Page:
Silvia Torres-Peimbert

Silvia Torres-Peimbert

Silvia Torres-Peimbert 480 270 Asteroid Day

Silvia Torres-Peimbert (born 1940) is a Mexican astronomer. She won the L’Oréal-UNESCO Awards for Women in Science in 2011 on behalf of Latin America for her work determining the chemical composition of nebulae.

Life

Torres-Peimbert was born in Mexico City in 1940. She studied Physics at the Universidad Nacional Autónoma de México before going on to the University of California in Berkeley. She returned to Mexico to conduct research at her alma mater. She studies the creation of stars and the mass thrown out by mid-size stars. She has studied the distribution of helium left over from the first creation. In 1973 she became a professor at UNAM and from 1998 until 2002 she was a director of that institution. During this time she has worked closely with Manuel Peimbert. Torres-Peimbert and Peimbert had both been mentored by Guillermo Haro. (Haro was in 1959 the first person elected to the Royal Astronomical Society from a developing country).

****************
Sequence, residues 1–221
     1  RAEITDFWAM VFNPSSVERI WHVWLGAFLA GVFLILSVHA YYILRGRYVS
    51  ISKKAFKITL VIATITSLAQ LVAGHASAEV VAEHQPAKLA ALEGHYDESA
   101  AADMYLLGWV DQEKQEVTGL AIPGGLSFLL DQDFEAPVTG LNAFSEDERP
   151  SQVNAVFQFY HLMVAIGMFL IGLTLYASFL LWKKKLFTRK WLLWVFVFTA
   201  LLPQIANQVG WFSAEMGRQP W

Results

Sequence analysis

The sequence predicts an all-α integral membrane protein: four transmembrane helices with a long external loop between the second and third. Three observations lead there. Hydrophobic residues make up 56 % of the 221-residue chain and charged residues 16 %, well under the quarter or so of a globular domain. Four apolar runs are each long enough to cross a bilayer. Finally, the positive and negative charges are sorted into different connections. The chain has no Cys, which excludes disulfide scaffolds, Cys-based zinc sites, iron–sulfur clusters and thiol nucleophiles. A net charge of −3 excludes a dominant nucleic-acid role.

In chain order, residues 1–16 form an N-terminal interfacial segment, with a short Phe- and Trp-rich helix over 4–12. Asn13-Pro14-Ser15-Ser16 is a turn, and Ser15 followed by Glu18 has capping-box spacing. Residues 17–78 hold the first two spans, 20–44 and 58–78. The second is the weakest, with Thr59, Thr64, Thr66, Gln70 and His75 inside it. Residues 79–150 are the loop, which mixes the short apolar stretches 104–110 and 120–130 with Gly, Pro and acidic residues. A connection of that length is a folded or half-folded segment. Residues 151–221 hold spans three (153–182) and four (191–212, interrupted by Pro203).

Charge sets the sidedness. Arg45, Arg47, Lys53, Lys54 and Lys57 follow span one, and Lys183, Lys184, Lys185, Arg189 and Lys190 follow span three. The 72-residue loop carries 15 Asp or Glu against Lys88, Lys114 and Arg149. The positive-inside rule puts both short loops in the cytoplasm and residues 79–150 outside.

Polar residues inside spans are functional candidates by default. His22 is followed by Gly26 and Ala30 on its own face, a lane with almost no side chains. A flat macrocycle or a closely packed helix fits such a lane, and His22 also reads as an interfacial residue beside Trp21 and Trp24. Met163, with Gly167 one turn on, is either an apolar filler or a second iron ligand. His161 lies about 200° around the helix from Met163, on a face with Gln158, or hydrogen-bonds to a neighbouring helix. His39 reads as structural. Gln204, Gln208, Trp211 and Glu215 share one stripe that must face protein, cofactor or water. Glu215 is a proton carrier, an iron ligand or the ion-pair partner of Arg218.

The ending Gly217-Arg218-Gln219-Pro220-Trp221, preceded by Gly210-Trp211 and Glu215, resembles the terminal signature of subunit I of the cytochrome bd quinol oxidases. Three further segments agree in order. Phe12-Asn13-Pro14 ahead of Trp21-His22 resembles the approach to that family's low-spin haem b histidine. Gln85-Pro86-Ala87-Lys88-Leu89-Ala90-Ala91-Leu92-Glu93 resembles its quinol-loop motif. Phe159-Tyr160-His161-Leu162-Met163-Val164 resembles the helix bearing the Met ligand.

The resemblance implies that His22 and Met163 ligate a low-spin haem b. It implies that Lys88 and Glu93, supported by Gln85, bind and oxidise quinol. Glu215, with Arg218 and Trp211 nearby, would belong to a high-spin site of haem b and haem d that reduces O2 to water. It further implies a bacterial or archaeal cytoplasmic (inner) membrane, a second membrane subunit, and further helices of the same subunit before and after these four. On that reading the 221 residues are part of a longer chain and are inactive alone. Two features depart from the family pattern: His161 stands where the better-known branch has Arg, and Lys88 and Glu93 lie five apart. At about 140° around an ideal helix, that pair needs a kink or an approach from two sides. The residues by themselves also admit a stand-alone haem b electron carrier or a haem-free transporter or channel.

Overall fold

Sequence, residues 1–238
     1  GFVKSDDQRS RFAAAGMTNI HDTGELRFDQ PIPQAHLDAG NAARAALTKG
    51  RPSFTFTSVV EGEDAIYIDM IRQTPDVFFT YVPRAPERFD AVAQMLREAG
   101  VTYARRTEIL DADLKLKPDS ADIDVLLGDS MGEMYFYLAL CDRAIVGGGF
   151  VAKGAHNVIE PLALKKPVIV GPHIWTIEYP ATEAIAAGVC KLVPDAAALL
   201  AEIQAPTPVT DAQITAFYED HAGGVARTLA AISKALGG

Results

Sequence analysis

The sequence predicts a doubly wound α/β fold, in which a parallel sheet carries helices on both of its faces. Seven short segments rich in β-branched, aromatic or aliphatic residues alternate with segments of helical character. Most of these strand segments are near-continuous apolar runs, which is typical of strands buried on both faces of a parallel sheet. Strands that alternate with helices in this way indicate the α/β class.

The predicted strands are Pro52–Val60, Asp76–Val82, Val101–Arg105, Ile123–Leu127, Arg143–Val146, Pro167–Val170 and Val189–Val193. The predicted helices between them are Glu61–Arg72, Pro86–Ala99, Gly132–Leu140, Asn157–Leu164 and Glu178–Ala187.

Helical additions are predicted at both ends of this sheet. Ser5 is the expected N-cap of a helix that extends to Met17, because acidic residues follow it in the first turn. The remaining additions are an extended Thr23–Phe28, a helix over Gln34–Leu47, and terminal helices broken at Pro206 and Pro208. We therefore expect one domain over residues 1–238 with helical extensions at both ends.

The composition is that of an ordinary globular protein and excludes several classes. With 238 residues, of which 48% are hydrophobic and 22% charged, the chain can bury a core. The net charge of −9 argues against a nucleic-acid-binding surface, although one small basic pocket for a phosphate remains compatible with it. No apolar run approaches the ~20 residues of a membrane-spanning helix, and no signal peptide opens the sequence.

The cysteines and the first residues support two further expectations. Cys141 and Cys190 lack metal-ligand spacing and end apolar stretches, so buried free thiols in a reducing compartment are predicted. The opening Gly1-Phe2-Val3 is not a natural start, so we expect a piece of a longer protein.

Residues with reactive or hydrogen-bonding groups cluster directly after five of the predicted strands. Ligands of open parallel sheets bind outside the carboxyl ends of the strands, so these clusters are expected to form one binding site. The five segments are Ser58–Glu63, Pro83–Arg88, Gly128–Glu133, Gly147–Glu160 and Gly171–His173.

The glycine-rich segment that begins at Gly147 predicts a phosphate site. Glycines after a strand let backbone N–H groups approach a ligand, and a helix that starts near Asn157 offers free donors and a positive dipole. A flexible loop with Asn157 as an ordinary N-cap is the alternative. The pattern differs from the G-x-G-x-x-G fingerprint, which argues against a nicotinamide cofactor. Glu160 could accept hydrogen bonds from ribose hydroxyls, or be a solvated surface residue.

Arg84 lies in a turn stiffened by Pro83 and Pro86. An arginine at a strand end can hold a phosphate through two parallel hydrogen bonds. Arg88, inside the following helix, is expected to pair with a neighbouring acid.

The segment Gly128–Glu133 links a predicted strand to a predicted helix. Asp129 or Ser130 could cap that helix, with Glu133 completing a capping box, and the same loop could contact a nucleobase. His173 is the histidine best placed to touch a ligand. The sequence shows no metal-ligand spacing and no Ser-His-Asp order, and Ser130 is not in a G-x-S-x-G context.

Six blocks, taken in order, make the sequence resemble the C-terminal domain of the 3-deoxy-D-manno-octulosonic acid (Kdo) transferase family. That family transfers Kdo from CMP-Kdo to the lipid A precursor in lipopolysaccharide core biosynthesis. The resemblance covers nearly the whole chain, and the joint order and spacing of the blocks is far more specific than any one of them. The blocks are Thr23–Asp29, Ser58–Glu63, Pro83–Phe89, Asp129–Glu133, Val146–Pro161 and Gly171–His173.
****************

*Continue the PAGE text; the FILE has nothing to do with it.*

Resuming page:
She was editor for 24 years of the Revista Mexicana de Astronomia y Astrofísica and since 2001 is editor of Revista Mexicana de Astronomia y Astrofísica Serie de Conferencias.

She won the L’Oréal-UNESCO Awards for Women in Science in 2011 on behalf of Latin America. The award is given annually to leading women scientists with an award being given to five continents. She won the award for investigating the “chemical composition of nebulae” which the organisers considered essential to our understanding of the beginning of the cosmos. She also won the Hans A. Bethe Prize in 2012 for her work in determining the quantities of helium and other different elements during the development of the universe. Knowing about these elements allows cosmologists to understand the evolution of stars and galaxies.

Torres-Peimbert is President of the International Astronomical Union and a member of the American Astronomical Society, the Astronomical Society of the Pacific, and the Academy of Sciences of the Developing World.